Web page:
Teachers on several different listservs have been discussing different ways to introduce and practice vocabulary. Here are some of their suggestions.
We play tons of games in my classroom to get the kids to learn the new vocabulary.
Lo Tengo (I got it!) - The class is divided into two teams. Each team is given the entire list of vocabulary words on cards (think of printing the vocab list only in French in a size 50 font or something like that). Each member of the team gets roughly the same amount of words. The teacher calls the word in English and the first student to shout ¡Lo Tengo! (or any other form of "I got it") gets the point. The team with the most points gets an extra credit point.
Vete a Pescar (Go Fish) - Groups of students (usually 4 or so) play Go Fish by asking in the target language the opposite of the card they are holding. Player with the most points gets an extra credit point.
La Solterona (Old Maid) - students in teams (usually 4 or so) take turns taking cards from the player to their right in search of matches (you can use the same set of cards as Go Fish). The player with the Old Maid card automatically loses and the player with the most matches gets an extra credit point. (A note about printing cards: I usually create a grid on Office and type the words in their. I get 3 columns and 4 rows usually. That seems to be the right size for students)
Crazy flyswatter game - post the words all over the room (print them really big!) and divide the class into two teams. Number the students. Call a word in English and then call a number. The student who gets their first gets a point for their team.
Selchow, K. Re: [FLTEACH] Need some new ideas on presenting vocabulary. FLTEACH listserv (FLTEACH@LISTSERV.BUFFALO.EDU, 28 Aug 2011).
Here are some of the ways I use flashcard games for teaching Chinese, just make adjustments for teaching your language:
1. Students partner together and spread out the designated cards on their desks (i.e. cards from lessons 1-3). I, or if the class is big, student #3, call out a card. The first person to hit the correct card gets to keep it. Keep going until all the cards are gone. Person with the most cards wins. Sometimes I then have the "winners" of each pair shift around so that the more advanced kids are challenging each other. I usually start calling words in Chinese, then English, or sometimes alternate.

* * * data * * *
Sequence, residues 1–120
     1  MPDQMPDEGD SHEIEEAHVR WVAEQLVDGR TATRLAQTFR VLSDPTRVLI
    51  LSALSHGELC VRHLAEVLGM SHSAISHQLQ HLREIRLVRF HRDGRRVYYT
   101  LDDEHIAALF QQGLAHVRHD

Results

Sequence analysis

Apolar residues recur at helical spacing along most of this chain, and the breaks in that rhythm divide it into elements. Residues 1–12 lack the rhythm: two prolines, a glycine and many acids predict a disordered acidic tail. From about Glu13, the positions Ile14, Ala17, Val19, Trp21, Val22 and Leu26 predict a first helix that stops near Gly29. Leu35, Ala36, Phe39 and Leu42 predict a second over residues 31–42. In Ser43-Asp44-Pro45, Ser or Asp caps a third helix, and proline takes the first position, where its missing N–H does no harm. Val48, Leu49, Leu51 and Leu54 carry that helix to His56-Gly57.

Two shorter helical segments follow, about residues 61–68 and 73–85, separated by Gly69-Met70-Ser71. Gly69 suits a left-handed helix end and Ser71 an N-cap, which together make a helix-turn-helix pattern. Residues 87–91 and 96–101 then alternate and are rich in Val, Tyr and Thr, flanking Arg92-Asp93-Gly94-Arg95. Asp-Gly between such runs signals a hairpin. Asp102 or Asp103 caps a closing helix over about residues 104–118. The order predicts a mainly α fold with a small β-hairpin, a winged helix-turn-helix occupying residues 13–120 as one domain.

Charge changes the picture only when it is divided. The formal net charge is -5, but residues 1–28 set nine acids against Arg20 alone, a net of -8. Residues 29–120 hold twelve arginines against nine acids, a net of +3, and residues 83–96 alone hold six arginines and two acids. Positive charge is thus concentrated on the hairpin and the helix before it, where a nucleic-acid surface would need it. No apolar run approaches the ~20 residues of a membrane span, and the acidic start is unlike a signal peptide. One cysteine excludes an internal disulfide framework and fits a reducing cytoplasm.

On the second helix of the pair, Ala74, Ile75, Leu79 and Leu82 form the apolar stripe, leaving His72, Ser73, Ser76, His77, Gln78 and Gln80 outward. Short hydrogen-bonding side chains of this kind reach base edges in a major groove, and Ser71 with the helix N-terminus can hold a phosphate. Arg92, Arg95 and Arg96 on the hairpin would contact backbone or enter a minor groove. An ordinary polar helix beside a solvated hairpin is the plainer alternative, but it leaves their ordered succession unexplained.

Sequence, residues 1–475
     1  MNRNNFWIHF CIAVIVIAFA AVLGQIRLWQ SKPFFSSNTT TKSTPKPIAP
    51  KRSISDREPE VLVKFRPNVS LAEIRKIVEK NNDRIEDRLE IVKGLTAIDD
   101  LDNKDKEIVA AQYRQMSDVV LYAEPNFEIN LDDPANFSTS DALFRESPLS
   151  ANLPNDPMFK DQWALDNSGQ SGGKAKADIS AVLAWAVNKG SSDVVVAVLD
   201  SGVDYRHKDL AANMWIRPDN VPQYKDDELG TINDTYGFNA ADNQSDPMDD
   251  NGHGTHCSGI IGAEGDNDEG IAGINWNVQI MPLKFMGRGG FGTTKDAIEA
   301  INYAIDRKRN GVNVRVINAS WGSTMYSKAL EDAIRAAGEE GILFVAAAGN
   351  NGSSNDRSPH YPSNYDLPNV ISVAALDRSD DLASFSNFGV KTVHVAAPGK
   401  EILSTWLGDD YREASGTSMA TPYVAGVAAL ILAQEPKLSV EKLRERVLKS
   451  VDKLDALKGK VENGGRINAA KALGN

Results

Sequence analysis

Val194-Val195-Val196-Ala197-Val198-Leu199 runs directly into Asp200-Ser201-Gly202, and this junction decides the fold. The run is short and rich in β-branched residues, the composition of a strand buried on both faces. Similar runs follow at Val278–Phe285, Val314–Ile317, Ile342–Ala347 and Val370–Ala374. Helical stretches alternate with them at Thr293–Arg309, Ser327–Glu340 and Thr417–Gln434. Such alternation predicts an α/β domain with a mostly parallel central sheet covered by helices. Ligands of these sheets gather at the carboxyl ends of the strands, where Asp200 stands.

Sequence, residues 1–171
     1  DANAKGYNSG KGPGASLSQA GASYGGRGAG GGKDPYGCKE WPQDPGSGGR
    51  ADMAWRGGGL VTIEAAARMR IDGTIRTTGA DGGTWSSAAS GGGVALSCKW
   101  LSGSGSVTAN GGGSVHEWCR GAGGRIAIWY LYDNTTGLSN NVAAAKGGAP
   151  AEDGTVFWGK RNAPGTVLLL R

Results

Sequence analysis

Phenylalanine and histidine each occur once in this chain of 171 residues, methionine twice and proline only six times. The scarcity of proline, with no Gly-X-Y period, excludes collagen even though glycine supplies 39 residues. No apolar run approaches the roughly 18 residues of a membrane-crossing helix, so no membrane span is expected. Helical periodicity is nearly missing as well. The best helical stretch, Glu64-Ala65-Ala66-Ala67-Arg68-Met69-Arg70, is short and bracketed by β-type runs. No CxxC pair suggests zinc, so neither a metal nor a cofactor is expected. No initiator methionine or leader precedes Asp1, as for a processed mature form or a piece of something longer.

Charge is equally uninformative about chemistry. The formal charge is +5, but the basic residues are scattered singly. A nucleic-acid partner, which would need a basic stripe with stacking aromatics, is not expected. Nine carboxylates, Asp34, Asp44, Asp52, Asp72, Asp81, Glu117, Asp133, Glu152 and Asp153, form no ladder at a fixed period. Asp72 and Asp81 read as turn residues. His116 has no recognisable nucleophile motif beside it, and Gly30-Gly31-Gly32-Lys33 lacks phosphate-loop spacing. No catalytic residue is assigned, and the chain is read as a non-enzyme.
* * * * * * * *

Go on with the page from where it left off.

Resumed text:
2. This one doesn't always work out neatly, but it's a little different so we do it anyway. Each partner starts with 6 cards, face up on the desk (you can decide whatever's best for your class). Stack the rest of the cards face down between the students. On each turn, draw a card and decide whether or not you could exchange it or discard it. It's essentially Rummy- but trying to make a sentence out of the cards.
3. Bingo- lay out a 5x5 array of cards. When you call out the cards though, instead of just calling out words or translations, I'll throw in "verb", "noun", etc., or certain sounds within the words: "starts with ___, has a ____, ends in ____", etc.
4. I also do timed flashcards. I'll set the timer for 2 minutes, they go through as many as they can (reading the character side). They record their number, and each time we do it, the idea is to increase the number they read correctly.
B. Hsu-Miller. Re: [FLTEACH] flashcard usage. FLTEACH listserv (FLTEACH@LISTSERV.BUFFALO.EDU, 30 Aug 2011).
A technique I like that is very simple is to just have students pair up and push their desks together and lay a full set of flash cards spread out on those desks. You can either let students choose which card they want to identify or have their partner choose a card and when a student gets the translation right, they get to keep the card. The student with the most cards at the end in my classes always got participation points or paper money that could be cashed in to help a grade. I think flash cards are good if used in an interactive way and although my suggestion is simple, I think that the options are limitless!
Re: [FLTEACH] Flash card usage. FLTEACH listserv (FLTEACH@LISTSERV.BUFFALO.EDU, 29 Aug 2011).
Tune in for more ideas in next week’s InterCom.